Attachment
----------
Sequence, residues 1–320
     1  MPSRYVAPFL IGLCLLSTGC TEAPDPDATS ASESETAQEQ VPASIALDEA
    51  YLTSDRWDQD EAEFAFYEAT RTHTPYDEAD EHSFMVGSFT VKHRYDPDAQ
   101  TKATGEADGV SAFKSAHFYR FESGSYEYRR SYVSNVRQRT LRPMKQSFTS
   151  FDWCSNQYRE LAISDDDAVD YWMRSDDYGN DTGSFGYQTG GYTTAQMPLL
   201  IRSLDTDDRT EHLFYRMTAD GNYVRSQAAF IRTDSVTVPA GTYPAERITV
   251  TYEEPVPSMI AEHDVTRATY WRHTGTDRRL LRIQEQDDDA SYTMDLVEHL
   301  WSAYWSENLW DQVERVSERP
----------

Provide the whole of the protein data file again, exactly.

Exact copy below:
Sequence, residues 1–320
     1  MPSRYVAPFL IGLCLLSTGC TEAPDPDATS ASESETAQEQ VPASIALDEA
    51  YLTSDRWDQD EAEFAFYEAT RTHTPYDEAD EHSFMVGSFT VKHRYDPDAQ
   101  TKATGEADGV SAFKSAHFYR FESGSYEYRR SYVSNVRQRT LRPMKQSFTS
   151  FDWCSNQYRE LAISDDDAVD YWMRSDDYGN DTGSFGYQTG GYTTAQMPLL
   201  IRSLDTDDRT EHLFYRMTAD GNYVRSQAAF IRTDSVTVPA GTYPAERITV
   251  TYEEPVPSMI AEHDVTRATY WRHTGTDRRL LRIQEQDDDA SYTMDLVEHL
   301  WSAYWSENLW DQVERVSERP